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State v. Montplaisir

Supreme Court of North Dakota

September 17, 2015

State of North Dakota, Plaintiff and Appellee
Steven James Montplaisir, Defendant and Appellant

As Corrected October 27, 2015.

Page 436

Appeal from the District Court of Cass County, East Central Judicial District, the Honorable John C. Irby, Judge.

Renata June Olafson Selzer, Assistant State's Attorney, Fargo, N.D., for plaintiff and appellee.

Jonathan T. Garaas, DeMores Office Park, Fargo, N.D., for defendant and appellant.

Lisa Fair McEvers, Daniel J. Crothers, Dale V. Sandstrom, Carol Ronning Kapsner, Gerald W. VandeWalle, C.J. Opinion of the Court by McEvers, Justice.


Page 437

Lisa Fair McEvers, Justice.

[¶1] Steven J. Montplaisir appeals from a criminal judgment entered after a jury found him guilty of criminal vehicular injury. Montplaisir argues the criminal information was deficient, the criminal vehicular

Page 438

injury statute is unconstitutionally vague, the jury instructions were improper, and the evidence was insufficient to find him guilty. We affirm, concluding Montplaisir had proper notice of the charges against him, the criminal vehicular injury statute is not vague, the jury was properly instructed, there was sufficient evidence to find him guilty, and the district court did not abuse its discretion in imposing the statutory mandatory minimum sentence.


[¶2] On September 20, 2013, a motorcycle stopped at an intersection in Fargo was struck from behind by a pickup driven by Montplaisir. A Fargo police officer was also stopped at the intersection and observed the victim jumping around and screaming. The officer noticed Montplaisir had the strong odor of alcohol and slurred speech. Another officer arrived at the scene to investigate Montplaisir for driving under the influence. Montplaisir failed field sobriety tests and laboratory results indicated he had a blood alcohol concentration of 0.217 percent. Montplaisir was arrested and charged with criminal vehicular injury, a class C felony. The criminal information alleged Montplaisir drove a vehicle while under the influence of alcohol and, as a result, he caused substantial bodily or serious bodily injury to another individual.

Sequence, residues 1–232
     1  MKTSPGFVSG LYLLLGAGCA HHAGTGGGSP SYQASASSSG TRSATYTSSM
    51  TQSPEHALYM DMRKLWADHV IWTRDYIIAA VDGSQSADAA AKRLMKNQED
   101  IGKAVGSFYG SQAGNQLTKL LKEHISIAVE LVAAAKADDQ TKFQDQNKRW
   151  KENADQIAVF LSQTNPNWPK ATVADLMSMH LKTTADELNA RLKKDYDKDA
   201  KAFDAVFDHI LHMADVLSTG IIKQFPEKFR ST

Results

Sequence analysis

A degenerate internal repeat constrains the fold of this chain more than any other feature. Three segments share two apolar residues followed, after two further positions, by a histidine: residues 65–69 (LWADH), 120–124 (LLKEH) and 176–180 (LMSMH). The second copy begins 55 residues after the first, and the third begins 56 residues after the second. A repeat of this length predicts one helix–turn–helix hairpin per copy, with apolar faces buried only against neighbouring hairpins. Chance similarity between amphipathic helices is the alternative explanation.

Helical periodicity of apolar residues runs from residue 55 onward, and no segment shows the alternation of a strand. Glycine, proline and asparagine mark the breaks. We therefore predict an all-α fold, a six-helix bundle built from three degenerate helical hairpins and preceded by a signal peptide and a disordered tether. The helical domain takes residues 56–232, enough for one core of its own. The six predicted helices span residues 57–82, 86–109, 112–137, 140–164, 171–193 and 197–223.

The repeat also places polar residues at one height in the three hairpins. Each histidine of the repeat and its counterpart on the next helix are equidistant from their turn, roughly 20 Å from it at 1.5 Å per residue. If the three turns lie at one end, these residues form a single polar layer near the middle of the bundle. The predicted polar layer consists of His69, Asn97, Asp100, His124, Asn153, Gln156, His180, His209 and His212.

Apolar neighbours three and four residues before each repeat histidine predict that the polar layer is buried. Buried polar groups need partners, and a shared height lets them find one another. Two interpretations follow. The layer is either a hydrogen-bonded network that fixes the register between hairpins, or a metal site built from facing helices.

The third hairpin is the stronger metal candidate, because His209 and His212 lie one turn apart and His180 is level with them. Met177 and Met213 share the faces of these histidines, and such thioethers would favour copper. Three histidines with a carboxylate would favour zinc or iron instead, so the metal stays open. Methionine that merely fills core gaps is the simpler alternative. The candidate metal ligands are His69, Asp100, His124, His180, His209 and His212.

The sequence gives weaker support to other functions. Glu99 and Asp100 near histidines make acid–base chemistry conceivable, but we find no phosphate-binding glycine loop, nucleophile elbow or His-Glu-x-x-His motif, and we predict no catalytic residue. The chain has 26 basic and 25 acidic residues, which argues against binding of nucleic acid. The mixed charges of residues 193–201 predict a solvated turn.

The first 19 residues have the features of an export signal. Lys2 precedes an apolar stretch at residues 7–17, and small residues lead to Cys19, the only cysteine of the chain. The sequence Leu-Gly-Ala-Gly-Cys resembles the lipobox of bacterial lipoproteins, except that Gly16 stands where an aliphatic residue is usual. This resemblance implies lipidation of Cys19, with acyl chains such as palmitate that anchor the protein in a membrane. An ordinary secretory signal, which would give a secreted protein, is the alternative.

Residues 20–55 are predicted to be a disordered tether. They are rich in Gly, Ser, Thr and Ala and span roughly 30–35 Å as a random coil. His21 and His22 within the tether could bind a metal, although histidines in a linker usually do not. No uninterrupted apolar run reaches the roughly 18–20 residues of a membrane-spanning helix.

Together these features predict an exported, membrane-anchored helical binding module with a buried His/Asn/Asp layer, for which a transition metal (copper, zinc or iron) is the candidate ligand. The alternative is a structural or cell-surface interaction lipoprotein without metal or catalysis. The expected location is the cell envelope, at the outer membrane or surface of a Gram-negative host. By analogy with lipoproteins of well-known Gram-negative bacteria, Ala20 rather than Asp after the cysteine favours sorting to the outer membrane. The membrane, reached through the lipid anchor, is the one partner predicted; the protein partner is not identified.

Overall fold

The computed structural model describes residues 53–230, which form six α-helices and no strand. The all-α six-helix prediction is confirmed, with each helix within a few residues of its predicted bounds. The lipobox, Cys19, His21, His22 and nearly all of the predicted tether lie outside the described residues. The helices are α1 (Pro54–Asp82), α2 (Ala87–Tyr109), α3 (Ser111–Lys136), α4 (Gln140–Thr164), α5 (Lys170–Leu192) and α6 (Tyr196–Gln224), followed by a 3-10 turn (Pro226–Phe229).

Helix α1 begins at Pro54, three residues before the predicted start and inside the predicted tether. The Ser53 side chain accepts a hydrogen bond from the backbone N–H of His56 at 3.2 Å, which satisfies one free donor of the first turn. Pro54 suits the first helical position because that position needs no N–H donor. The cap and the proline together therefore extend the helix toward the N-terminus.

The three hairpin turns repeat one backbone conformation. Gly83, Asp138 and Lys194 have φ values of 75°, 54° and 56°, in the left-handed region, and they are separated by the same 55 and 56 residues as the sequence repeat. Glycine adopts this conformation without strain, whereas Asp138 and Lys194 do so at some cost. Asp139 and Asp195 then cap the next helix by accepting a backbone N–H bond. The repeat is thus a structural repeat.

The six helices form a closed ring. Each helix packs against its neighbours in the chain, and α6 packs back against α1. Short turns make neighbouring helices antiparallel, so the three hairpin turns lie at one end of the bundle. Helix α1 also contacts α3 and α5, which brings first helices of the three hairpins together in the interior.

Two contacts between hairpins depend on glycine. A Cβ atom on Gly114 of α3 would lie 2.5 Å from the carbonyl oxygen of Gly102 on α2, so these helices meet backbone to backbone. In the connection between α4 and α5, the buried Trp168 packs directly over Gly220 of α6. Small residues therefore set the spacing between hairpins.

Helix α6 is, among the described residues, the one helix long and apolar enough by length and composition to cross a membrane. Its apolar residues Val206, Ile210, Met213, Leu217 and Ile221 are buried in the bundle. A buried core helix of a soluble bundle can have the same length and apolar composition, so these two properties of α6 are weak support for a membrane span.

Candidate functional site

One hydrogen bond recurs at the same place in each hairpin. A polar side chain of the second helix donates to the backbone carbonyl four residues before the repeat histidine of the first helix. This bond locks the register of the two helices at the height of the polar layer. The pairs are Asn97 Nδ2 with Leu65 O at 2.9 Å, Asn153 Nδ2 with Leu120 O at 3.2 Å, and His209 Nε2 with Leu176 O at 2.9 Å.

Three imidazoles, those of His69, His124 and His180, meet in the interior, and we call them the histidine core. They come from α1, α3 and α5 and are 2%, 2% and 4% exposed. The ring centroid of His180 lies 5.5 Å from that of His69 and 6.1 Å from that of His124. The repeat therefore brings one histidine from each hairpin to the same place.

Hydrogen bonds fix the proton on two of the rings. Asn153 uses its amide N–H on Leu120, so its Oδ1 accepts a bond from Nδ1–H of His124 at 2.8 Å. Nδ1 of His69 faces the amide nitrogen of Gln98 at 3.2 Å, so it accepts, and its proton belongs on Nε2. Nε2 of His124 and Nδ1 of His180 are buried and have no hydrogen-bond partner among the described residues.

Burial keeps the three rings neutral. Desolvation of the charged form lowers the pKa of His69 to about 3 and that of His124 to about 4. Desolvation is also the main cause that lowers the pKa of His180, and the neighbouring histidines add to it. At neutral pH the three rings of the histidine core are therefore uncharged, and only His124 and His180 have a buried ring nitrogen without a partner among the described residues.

[¶3] The victim was initially treated at Essentia Hospital for pain to his leg and ankles, and a cut to his leg requiring stitches. Following the accident, the victim made additional visits to the emergency room reporting continued severe pain in his leg. One of his leg wounds became infected and he also complained of having neck and back discomfort.

[¶4] Before the preliminary hearing, Montplaisir submitted a brief arguing the criminal information was deficient. Specifically, he argued he did not cause a substantial or serious bodily injury to the victim, one of the essential elements of criminal vehicular injury. The State responded with a brief providing a more detailed factual background of the accident. The State's brief also described some of the victim's injuries to his leg and stated it would provide more details at the preliminary hearing. After hearing testimony at the preliminary hearing from the victim and one of the police officers responding to the accident, the district court found probable cause existed to bind Montplaisir over for trial on the charge of criminal vehicular injury.